The Financial Conduct Authority (FCA) have announced their planned proposals to ban the opt-out approach of selling add-on insurance products of regulated or unregulated products offered alongside financial primary products. These add-on products include legal expenses sold with home insurance, motor breakdown or key insurance cover sold alongside motor insurance, or protection cover when taking out a mortgage or credit card.
The FCA has conducted a market study of insurance add-ons and how they are sold and their research highlighted that consumers are not always aware they have bought an add-on. The FCA has concerns that the practice of defaulting consumers into buying a product which they then have to opt out of, for example by using pre-ticked boxes to sell the consumer add-on insurance, sometimes means consumers purchasing an insurance product they may not need.
The industry will be consulted on the FCA proposals, which also include the introduction of further guidance for companies so they can provide consumers the appropriate information about add-on insurance products at the right time in the sales process.
Christopher Woolard, FCA director of strategy and competition, said in a statement that: “This is about ensuring consumers can make the right decision on what add-on insurance they do or don’t need. Forgetting to un-tick a box at the end of a purchase is not making an informed choice.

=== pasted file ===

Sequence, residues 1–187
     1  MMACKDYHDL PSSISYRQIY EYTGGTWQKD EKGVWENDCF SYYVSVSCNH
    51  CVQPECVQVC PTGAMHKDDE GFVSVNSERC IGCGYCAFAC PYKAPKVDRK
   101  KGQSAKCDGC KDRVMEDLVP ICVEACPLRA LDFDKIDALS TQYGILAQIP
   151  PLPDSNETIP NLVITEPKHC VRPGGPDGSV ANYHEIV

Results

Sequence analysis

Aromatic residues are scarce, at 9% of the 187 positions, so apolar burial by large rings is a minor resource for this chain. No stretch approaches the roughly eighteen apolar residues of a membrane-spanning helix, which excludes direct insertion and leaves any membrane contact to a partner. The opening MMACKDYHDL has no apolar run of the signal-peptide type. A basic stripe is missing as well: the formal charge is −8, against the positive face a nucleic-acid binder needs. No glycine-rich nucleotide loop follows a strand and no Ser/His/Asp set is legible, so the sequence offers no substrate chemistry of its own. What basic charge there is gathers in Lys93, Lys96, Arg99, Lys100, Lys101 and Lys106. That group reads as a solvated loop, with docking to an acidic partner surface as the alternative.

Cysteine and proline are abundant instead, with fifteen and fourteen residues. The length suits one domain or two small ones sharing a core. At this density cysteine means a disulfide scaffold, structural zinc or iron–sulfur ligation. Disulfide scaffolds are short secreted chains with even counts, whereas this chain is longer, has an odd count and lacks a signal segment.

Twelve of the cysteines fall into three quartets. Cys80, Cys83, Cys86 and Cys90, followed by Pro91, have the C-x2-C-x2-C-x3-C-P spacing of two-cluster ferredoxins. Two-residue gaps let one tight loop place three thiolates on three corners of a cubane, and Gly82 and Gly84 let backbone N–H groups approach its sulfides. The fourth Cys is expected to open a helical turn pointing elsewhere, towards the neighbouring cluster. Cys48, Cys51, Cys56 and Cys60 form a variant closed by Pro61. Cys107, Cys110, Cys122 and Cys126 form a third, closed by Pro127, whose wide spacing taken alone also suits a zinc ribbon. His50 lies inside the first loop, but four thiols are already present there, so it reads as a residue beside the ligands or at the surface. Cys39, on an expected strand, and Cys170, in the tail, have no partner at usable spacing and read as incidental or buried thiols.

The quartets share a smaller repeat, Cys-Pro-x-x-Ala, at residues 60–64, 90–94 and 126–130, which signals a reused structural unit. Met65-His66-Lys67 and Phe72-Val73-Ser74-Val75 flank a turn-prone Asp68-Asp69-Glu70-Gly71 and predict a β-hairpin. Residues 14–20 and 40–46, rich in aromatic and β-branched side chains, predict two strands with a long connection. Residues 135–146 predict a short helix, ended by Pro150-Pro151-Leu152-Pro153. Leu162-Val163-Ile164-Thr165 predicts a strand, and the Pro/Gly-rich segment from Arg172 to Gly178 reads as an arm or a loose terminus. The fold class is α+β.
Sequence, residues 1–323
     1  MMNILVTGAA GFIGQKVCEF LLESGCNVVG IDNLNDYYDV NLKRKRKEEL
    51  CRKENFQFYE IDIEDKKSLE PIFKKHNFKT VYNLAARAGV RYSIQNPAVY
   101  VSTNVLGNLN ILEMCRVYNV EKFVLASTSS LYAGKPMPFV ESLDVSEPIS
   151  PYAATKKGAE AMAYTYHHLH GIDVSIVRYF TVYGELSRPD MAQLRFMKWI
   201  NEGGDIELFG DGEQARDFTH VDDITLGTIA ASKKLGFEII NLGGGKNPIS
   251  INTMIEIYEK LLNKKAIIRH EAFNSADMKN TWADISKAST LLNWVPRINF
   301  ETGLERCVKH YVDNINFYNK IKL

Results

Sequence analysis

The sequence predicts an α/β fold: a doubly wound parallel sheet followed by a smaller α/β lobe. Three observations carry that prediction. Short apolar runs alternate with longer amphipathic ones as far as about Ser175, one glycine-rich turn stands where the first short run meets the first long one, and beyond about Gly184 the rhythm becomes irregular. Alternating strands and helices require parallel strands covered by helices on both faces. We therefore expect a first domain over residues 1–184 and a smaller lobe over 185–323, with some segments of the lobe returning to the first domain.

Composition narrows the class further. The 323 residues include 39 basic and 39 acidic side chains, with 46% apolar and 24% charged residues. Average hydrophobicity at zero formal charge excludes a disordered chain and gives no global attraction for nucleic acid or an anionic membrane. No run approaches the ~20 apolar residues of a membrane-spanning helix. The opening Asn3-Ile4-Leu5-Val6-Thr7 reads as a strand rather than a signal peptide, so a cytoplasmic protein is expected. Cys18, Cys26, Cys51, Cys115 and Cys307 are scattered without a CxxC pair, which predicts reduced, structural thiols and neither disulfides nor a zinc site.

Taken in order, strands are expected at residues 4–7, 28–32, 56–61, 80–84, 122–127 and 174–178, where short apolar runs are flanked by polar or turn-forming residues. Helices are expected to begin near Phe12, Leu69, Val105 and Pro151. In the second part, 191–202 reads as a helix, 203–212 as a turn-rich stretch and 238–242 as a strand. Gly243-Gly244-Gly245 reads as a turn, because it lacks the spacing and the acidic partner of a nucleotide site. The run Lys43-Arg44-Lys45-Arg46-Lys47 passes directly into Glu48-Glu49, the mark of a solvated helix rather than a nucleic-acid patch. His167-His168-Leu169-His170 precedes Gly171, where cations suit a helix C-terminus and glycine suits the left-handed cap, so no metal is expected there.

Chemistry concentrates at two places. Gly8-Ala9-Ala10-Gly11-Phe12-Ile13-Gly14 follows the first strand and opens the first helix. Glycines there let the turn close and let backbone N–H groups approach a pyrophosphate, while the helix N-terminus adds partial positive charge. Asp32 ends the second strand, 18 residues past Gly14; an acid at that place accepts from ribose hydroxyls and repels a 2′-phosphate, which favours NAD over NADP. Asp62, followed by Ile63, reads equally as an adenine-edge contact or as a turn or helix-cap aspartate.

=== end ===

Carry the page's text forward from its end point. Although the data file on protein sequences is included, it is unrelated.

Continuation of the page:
“These proposals will mean that consumers will be in a better position to decide what they want and consider the options available to them. Fewer consumers will end up with products they didn’t want or don’t even know they own.”
Key recommendations by the FCA;
- Consumers to be provided with more appropriate and timely information that will allow them to make an informed choice on what, if any add-on products they need, and to identify the best package.
- Introduction of the most common add-ons to consumers earlier in the sales process and make it easier to compare packages of the primary product and add-ons.
- Annual price of add-ons provided to consumers rather than relying on monthly figures so that overall price to be paid is easily understood.